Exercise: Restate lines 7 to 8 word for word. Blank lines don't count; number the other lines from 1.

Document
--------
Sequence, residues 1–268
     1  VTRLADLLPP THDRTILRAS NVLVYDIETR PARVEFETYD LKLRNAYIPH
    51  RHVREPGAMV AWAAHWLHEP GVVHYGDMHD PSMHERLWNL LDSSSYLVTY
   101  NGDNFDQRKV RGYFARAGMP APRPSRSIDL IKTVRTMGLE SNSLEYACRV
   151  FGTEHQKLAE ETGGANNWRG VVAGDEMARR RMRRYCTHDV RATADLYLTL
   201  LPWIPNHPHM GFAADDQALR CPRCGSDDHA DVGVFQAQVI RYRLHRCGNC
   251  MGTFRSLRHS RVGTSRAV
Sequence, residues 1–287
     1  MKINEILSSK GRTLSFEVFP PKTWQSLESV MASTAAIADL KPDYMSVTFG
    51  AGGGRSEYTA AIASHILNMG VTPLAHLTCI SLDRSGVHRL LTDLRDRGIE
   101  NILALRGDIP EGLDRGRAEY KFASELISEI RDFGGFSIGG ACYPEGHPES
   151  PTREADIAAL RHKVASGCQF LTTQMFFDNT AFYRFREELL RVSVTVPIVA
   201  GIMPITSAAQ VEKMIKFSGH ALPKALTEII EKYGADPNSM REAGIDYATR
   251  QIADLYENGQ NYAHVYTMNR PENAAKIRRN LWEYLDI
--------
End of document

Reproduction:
   251  MGTFRSLRHS RVGTSRAV
Sequence, residues 1–287